Homosexual desire need not be for little boys, nor need it be a matter of lust, exorbitant or otherwise. It is simply not eveident such examples have the requisite generality for harmon's purposes; they do not catch the type of desire contemplated by advocates of SSUs. Even granting complicity with St. Vincent's dubious criterion, the rather glaring weakness, even silence, of tradition here issues a curious imperative: the tradition of the church has not decided against all homosexual desire whatsover, and to dissent from this witness is to abandon the church's proper catholicity. Is that what Harmon wishes to show? How far is this from the general run of Boswell's thesis in Christianity, Social Tolerance and Homosexuality after all?
Poor Boswell is treated rather unfairly in Harmon's hands, in my opinion. Harmon curiously quotes Aquinas against homosexuality without bothering to discuss Boswell's critique, which to me seems quite decisive. Go ahead and read Harmon's section on Aquinas, then read Boswell on Aquinas (it's only 14 pages, from 318 to 332, so you have absolutely no excuse not to read him for yourself), and go back to Harmon on Aquinas again--see what I mean? This is the best tradition has to offer? My oh my; it's pathetic. Appeals to a tradition against all homosexual practice, like appeals to tradition against ordaining women, deserve very little respect or patience.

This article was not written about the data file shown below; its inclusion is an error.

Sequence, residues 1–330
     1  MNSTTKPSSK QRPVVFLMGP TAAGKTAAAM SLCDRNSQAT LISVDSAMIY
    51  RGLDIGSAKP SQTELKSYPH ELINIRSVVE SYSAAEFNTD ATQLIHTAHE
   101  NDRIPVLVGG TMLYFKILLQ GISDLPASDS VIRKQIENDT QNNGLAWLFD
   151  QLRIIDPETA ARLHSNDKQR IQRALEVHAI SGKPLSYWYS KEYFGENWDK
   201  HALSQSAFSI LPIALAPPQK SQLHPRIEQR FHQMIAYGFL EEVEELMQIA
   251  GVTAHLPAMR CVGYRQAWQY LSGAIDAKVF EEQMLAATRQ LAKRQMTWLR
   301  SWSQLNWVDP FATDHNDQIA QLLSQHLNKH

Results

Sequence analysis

While Harmon makes some very good points here, reminding all of us that (1) reason in the Anglican tradition is "right reason" or rationality permeated by Scripture and tradtion, and (2)merely scientific reason is not what Anglicanism means by "right reason," these fine points do not make his case.
Note just a couple of blunders. First, he writes:
But the logic of this argument is dangerous: the frequency with which a condition occurs is not related to whether it is right or wrong. Is never automatically means ought.